A “parallel internet” may be created for Russians if the West continues its policy of imposing double standards, said Ilya Rogachev, Director of the Russian Foreign Ministry’s Department for New Challenges and Threats (DNCT).
According to Rogachev, all the capabilities for disconnecting Russia from the global internet and transitioning to its own local equivalent are already in place, and the government may use them “in the worst-case scenario”.
Russia’s own policy is not aimed at internet isolation, but the actions of the West, especially the “imposition of double standards” may lead to such a drastic action, Rogachev explained.
“If these double standards continue to be imposed, then, as a worst-case scenario in this respect, one could speak of the creation of a kind of parallel internet,” the diplomat emphasized.
He added that Russia already possesses “the technical, financial, intellectual and all other capabilities for this”, although at present it is not the goal.
Rogachev stressed that censorship in western countries “is far more developed than in Russia”.
“They use their own mechanisms, but this does not mean that we do not have to ‘cover’ the internet in case of calls to commit acts of terror, or as part of the opposition of violent extremism,” he continued.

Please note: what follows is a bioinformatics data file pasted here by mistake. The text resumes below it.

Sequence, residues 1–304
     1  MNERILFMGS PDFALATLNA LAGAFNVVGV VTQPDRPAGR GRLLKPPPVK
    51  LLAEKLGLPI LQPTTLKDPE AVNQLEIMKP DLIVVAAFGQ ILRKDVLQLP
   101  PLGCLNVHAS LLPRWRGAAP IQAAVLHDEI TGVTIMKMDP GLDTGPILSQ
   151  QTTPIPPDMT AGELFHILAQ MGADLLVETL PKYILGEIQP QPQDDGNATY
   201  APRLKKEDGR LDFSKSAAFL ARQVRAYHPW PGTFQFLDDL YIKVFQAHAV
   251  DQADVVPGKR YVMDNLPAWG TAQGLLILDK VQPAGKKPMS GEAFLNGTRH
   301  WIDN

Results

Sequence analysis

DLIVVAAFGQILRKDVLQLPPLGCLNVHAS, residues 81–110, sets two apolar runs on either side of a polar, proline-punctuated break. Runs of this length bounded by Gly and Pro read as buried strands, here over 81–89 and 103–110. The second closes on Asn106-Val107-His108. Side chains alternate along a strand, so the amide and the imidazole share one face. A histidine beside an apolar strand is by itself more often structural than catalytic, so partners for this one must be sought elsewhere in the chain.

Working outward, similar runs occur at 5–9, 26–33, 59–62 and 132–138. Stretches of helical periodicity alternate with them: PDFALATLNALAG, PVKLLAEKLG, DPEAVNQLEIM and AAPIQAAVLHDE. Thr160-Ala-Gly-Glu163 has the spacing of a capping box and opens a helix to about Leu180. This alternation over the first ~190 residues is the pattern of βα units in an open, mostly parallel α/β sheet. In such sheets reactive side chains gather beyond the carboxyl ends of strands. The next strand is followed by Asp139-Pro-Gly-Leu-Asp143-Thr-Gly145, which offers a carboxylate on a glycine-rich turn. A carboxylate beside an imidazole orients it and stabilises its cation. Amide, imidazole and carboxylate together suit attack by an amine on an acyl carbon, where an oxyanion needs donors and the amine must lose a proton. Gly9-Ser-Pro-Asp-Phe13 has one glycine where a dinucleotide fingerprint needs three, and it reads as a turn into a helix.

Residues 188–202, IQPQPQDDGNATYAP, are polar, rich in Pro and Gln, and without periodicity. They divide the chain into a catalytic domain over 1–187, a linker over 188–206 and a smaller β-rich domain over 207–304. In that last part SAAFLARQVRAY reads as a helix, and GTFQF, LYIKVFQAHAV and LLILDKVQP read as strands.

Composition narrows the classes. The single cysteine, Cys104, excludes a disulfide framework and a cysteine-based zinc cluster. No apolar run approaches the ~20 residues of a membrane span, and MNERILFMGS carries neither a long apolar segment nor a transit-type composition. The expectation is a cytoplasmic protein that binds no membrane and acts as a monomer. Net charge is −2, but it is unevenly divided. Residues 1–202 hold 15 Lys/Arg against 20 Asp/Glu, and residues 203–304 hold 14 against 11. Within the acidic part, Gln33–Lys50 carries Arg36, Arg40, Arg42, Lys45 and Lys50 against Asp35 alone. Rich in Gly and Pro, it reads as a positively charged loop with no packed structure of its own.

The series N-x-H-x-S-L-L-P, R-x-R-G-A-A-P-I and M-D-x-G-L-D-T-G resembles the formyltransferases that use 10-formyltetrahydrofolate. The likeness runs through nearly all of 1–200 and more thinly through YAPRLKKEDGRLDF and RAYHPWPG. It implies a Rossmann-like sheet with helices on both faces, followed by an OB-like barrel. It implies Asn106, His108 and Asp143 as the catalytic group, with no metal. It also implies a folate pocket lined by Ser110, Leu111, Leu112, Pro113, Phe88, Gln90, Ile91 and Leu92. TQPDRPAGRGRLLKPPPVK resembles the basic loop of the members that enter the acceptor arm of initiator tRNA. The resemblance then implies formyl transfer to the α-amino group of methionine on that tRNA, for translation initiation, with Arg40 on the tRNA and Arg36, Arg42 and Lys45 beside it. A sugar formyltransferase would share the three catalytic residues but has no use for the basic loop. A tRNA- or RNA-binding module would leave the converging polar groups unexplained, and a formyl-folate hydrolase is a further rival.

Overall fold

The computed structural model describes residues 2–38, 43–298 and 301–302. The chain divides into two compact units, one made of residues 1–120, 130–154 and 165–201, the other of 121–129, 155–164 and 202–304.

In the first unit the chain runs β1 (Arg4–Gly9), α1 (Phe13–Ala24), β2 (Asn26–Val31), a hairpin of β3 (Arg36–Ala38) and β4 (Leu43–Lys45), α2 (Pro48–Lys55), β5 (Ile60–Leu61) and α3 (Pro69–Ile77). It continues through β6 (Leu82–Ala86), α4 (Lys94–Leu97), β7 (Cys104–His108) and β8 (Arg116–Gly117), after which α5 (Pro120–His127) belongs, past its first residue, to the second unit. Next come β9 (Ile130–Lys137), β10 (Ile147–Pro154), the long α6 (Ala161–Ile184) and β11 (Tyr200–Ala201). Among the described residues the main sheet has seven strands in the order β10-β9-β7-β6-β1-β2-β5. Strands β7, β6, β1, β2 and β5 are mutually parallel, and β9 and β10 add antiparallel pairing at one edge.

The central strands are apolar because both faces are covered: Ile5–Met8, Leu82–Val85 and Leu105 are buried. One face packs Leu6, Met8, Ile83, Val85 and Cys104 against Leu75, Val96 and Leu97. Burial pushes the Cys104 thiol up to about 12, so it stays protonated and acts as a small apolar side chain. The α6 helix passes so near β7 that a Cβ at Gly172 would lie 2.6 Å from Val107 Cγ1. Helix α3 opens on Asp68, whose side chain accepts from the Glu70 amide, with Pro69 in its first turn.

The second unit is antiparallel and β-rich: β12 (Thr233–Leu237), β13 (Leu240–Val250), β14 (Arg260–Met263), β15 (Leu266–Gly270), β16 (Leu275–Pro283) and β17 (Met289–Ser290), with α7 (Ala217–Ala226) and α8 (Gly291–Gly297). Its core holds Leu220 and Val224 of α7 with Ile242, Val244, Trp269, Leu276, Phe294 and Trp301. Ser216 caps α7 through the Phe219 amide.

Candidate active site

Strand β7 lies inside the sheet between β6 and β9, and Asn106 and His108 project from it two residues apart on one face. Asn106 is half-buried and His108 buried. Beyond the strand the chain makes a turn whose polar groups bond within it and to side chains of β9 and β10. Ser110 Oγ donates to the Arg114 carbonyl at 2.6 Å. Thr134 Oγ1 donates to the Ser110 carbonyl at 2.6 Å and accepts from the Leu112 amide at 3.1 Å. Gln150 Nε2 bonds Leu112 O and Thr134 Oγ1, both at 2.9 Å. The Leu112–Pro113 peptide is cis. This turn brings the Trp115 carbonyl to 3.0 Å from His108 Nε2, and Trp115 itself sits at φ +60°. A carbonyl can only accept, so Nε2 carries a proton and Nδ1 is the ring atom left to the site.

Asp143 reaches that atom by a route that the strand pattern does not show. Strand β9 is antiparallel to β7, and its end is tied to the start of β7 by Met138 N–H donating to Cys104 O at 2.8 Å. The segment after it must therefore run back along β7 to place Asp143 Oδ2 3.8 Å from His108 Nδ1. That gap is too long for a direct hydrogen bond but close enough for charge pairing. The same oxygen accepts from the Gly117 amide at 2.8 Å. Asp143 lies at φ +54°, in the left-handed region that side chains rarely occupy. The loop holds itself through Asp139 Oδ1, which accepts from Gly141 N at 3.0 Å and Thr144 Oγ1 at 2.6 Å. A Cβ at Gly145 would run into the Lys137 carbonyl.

“In this area we need to act in such a way as to satisfy the requests of all partners as far as possible, but certain entities deliberately act to harm other countries,” the diplomat concluded.
In November last year, Russian President Vladimir Putin gave the order to develop autonomous internet management systems which could rid the internet of “US dominance”.
The Russian Ministry of Digital Development, Communications and Mass Media and the Ministry of Foreign Affairs were both instructed to reach an agreement with the BRICS countries to create their own domain name system (DNS), which would duplicate the existing one, be independent from the control of international organizations, and protect Russian users from “targeted actions”.
A domain name system is a distributed data storage system which the operation of the World Wide Web depends on, since it contains all domain names and their corresponding IP addresses. When a user enters a website’s name in their browser, the DNS tells the computer which IP address the needed resource is located at, so that it can direct its request there.
Russian Presidential Assistant Igor Shchegolev said in March last year that the Russian government considers the current management model of the global internet “essentially illegitimate”. Russia’s assertion is supposedly based on the fact that in autumn last year, the right to administer domain names and IP addresses was transferred from the Internet Corporation for Assigned Names and Numbers (ICANN) to its subsidiary, Public Technical Identifiers (PTI).
ICANN was formally controlled by the US Department of Commerce, but the new entity is a commercial corporation to guarantee the public interests, and is registered in the State of California.
“Before this, it would have been possible to lodge claims with the US government if something happened. Now it is a kind of autonomous or non-profit organization which simply operates under American law. And American officials can say, ‘It has nothing to do with us. Go to court in California and sue those guys,” Shchegolev lamented.